Final Conference: Changing Ethics in Addressing Human Remains
Georg-August University Göttingen | Project “Sensitive Provenances”
17. November 2023 08.30 Uhr
Holbornsches Haus, Rote Straße 34, 37073 Göttingen
In the course of working together in interdisciplinary configuration on questions of human remains collections, ethics and their changing dynamics arose as an important issue to discuss. Our diverse disciplinary backgrounds, as well as the process of preparing and conducting two restitution of human remains, made us aware of significant differences in individual and disciplinary attitudes towards ethical considerations of postcolonial reckoning on the one hand, and scientific procedure and scientific heritage and history on the other. For example, a restitution claim made in 2022 turned out to include two crania from the collection that Johann Friedrich Blumenbach himself acquired. This collection, for some, has been seen as carrying a particular historical significance and scientific heritage, and reaching an agreement about restituting these skulls required a great deal of discussion. We are convinced that discussing the meanings and value of human remains, as well as past and present ethical attitudes toward them, will result in a better grasp of the numerous issues at stake. Another topic we discussed intensely, is the use of contemporary racial, ethnic, and national categories in both the scholarly practice related to human remains, and in facilitating restitutions. A continuous use of racial categories relates to numerous ethical and political concerns, which necessitate careful consideration.
Our project has been able to facilitate two restitution ceremonies (to Hawai‘i in February 2022, and to Aoteaora/New Zealand with a Maori and Moriori delegation in June 2023). The university has several further restitution claims awaiting preparation. Our project will end before all of these claims can be fully addressed, and more are likely to come. What became clear for us from the beginning of the project, however, is that restitution will only lead to a partial and limited redress, and numerous ethical considerations remain open. One major issue is addressing all the human remains which are not asked for and the “provenance” of which will be impossible to establish due to lacking archival materials. What ethical standards should be applied to the future handling of such “remaining remains”, and their potential use for teaching and research purposes?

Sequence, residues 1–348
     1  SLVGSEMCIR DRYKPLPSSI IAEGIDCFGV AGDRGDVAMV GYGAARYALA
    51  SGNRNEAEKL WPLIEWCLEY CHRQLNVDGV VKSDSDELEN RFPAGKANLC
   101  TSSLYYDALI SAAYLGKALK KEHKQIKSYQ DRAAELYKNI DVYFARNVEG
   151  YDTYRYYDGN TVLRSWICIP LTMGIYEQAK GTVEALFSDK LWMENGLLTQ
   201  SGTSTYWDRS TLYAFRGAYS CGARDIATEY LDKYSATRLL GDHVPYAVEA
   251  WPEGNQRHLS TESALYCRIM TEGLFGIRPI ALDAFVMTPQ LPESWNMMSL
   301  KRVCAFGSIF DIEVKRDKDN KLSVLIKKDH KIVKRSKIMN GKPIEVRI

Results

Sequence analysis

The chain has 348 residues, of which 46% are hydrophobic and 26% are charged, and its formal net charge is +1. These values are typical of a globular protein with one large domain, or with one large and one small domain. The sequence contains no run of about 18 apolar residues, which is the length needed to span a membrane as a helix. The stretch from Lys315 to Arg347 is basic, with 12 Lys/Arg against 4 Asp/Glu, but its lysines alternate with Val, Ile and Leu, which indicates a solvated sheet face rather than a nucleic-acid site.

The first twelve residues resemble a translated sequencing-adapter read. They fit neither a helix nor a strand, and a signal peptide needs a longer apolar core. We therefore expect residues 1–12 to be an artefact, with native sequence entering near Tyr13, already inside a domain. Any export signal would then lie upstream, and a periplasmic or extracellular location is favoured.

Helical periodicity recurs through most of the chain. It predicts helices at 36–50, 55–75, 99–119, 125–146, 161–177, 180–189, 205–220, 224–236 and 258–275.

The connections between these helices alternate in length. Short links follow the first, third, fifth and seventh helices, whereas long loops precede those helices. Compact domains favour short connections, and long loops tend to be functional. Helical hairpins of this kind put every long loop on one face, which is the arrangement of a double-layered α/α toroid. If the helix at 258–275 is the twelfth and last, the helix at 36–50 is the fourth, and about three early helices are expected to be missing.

The conference will unfold in three sessions, with a strong emphasis on discussion and exchange of ideas. We foresee for each presenter to offer a brief (15-20 minutes maximum) input which then will open into a round-table discussion where further discussants will join. “Note takers” from our team will be active all day and offer brief summations of central questions of the day, before a joint, concluding discussion.
9:00 Brief welcome
9:15 Panel I
“Instructing Humanity, Collecting Race: Robert Jameson and the University of Edinburgh's Natural History Museum in 1817” by Linda Anderson Burnet and Bruce Buchan
“Human remains in the history of anthropology: status, uses, and values” by Nélia Dias
“The Making of Material Sovereignty on Moloka‘i” by Martin Skrydstrup
Round-table discussion: Bruce Buchan, Linda Anderson Burnet, Nélia Dias, Richard Hölzl, Martin Skrydstrup, Malin Wilckens
Moderator: Regina F. Bendix
11:00 Coffee Break
11:30 Panel II
“From trash to relics: the issue of human remains’ remains” by Elisabeth Gessat Anstett
“Theory and reality” by Birgit Großkopf
Round-table discussion: Elisabeth Gessat Anstett, Rainer Brömer, Birgit Großkopf, Silke Schicktanz
Moderator: Nélia Dias
13:00 Lunch Break
14:30 Panel III
“The case against biological thinking about social group attribution in provenance research” by Phila Msimang
“Do bones have races?” by Joanna Karolina Malinowska
Round-table discussion: Abigail Nieves Delgado, Jonatan Kurzwelly, Joanna Karolina Malinowska, Phila Msimang
Moderator: Martin Skrydstrup
16:00 Coffee Break
16:30 Brief summaries and open discussion
Brief Summaries: t.b.a.
Moderator: Regina F. Bendix
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